Fowler will be back with the Cubs.

 

And while I could talk about what the Fowler signing means for the 2016 Cubs (the best team in baseball on paper just got better, Jason Heyward can now move back to right field where he’s won three Gold Gloves and it creates an insanely flexible lineup depth with Fowler, Jorge Soler, Javier Baez, Ben Zobrist and Kyle Schwarber in the other outfield slots, etc.), it’s probably best to use this as further proof that conventional wisdom at the start of Spring Training doesn’t necessarily equate to actual regular season results. And everything we think we know about the 2016 season before it starts is probably just as true as the fact that Dexter Fowler is the new leadoff hitter for the Baltimore Orioles.

 

All that being said, I still can’t think of a reason why it won’t be the Cubs’ year in 2016. Yes, I’m still worried about the Cardinals. And I still think the Pirates are probably vastly underrated. And I know that saying, “Anything less than the World Series would be a huge disappointment” is a statement that is probably held equally true for the Mets and the Dodgers. And I know that the Nationals were the team that looked like the hands-down best-on-paper team last year. That is, of course, until they weren’t. But it’s still February as I type this. And hope still springs eternal. So as of right now, I’m a believer.

 

Around the League

 

The more I think about the 2016 Boston Red Sox and their high win projections, the more I have a problem with them. Pablo Sandoval showed up to Fort Myers looking like me after a cake bender. And if you combine that with Hanley Ramirez at first base, I don’t see why every team they face wouldn’t just put on a dead-ball-era bunt clinic until the Red Sox can figure their own shit out? But the good news for the Red Sox is that every team in their division has a really good reason why they won’t win either. The best one is that 5’8″ Marcus Stroman is going to become the the ace of the Blue Jays like he’s pitching’s Jose Altuve. And Jose Bautista’s contract looks like it’s already a distraction. As are the whispers that Troy Tulowitzki can’t hit outside of the thin air of Coors Field. And those two teams are the favorites in the division. If you add to that, the uncertainty of the rotation and age of the position players in New York, a possible 30-40 game suspension of Aroldis Chapman, a Tampa Bay Rays team that doesn’t score runs and an Orioles team that doesn’t prevent runs, it leaves me throwing up my hands and saying, “Let them eat cake.”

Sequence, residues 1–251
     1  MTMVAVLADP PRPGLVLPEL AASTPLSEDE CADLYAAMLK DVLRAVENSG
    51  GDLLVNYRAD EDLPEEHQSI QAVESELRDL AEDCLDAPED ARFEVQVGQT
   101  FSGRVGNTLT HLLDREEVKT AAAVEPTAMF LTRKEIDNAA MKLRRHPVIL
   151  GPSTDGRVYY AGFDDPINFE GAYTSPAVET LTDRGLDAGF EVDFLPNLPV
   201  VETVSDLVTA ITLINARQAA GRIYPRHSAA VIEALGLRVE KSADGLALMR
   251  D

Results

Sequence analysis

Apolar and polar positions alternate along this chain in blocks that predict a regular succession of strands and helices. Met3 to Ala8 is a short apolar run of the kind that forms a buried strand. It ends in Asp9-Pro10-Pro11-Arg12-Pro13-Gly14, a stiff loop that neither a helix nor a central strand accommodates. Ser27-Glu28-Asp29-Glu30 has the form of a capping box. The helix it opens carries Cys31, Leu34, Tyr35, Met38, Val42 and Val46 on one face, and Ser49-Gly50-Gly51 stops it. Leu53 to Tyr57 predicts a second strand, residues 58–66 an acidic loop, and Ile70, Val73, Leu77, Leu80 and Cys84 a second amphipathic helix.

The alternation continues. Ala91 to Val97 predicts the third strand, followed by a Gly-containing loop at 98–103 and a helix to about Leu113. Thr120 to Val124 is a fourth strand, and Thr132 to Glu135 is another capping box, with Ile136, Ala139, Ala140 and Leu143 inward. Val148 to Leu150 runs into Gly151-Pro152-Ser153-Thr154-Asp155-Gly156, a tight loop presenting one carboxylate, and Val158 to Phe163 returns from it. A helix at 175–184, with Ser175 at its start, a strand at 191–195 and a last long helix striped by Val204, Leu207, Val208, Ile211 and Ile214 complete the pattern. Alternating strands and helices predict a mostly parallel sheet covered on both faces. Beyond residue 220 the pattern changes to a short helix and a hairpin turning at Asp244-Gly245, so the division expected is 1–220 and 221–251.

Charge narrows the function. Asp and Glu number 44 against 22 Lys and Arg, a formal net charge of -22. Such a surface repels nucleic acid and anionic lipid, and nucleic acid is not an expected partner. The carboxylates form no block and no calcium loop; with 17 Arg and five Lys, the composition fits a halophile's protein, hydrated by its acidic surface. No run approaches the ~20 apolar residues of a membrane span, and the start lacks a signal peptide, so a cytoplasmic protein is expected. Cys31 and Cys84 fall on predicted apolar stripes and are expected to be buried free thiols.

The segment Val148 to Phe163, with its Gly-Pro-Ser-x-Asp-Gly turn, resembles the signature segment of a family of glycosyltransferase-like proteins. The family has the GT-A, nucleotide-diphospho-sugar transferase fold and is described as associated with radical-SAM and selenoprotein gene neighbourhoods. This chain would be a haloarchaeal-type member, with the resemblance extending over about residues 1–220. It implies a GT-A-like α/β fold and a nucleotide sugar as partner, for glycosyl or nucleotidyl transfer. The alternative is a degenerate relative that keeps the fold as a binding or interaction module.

I’m increasingly curious to see Byron Buxton and Jose Berrios in Minnesota. Not to mention Miguel Sano and Byung-ho Park. That’s too much young talent to not pan out in a division where I’m totally ready to see something new and exciting happen. That could also occur if the White Sox can score runs and if the Indians can play defense. I just don’t want to see a scenario where these Kansas City Royals, who have the 13th-highest payroll in baseball and who will not be sneaking up on anyone this time around, can become the 1998-2001 Yankees or the 1988-1990 Bash Brother A’s. I can only take so many cuts to Happy George Brett in the owner’s box before I get sick of this double-tapered shit.

 

 Can the Royals really do it again?

 

My way-too-early AL MVP pick is going to be Carlos Correa of the Houston Astros. Especially now that they created the Chase Utley Slide Rule to protect him. Mike Trout is still probably going to be the best player in the league. But he’s going to get ‘LeBron Ruled’ out of the award until the Angels can put a decent lineup around him. The same probably goes for Josh Donaldson and even a returning Miguel Cabrera because nobody likes repeats. So that probably leaves us with Manny Machado, who probably won’t be in playoff contention and Correa who probably will. And my backup choice is obviously Dexter Fowler, the definite new right fielder for the Baltimore Orioles.